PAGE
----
Two other small district 2 high schools, Pace High School and Eleanor Roosevelt, were once again neck and neck for second and third most popular: Pace, which does not screen potential applicants, had 6,289 for 108 seats; Eleanor Roosevelt, a selective school with a 100% grad rate last year, had 5,983 for 125 seats.
Number four, Edward R Murrow, is a large, audition and educational option high school in Midwood with a 78% graduation rate – the lowest graduation rate of schools on list. More than 5,600 students listed its Comm Arts program as one of their twelve choices on 2012 applications.
Like last year, a majority of schools on the list are selective high schools. And many schools maintained their sought-after status – numbers one through seven were also on the 2011 list of most-applied-to high schools.
Number ten, Food and Finance High School, is another of the Mayor’s new small high schools. It opened in 2004.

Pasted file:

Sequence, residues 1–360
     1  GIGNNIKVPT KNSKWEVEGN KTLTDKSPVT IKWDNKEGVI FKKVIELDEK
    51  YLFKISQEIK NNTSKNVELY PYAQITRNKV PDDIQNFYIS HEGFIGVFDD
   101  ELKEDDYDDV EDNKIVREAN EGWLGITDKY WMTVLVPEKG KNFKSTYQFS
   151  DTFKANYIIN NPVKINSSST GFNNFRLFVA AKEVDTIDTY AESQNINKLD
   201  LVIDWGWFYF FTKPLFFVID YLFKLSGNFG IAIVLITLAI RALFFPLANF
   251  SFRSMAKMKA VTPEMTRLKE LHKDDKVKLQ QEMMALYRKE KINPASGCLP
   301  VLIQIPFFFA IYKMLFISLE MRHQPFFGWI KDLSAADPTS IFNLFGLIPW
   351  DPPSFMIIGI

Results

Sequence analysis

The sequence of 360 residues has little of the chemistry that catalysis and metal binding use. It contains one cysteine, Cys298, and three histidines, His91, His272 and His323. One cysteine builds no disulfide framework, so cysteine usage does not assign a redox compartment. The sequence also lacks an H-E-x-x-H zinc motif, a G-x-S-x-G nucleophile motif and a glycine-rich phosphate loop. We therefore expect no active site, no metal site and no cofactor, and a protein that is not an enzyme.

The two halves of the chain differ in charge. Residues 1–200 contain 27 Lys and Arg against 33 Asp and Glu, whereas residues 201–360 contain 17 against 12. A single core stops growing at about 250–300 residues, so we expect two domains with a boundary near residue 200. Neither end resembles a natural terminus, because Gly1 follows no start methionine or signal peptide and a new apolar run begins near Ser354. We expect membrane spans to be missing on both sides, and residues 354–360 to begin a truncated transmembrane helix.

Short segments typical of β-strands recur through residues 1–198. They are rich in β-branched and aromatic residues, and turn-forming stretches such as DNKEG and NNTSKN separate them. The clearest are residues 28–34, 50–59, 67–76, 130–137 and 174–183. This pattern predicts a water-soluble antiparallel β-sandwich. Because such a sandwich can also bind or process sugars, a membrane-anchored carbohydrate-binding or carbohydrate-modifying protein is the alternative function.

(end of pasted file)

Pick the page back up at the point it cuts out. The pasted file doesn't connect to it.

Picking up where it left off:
These ten schools received the most applications out of all 400-plus high schools in the city excluding the nine specialized high schools. The Department of Education list includes the number of 8th graders who listed the schools anywhere on their applications – it doesn't indicate how many students ranked the schools first. The DOE did not release the number of applicants for any other school.
View all ten schools in the photo above and click here to download the PDF.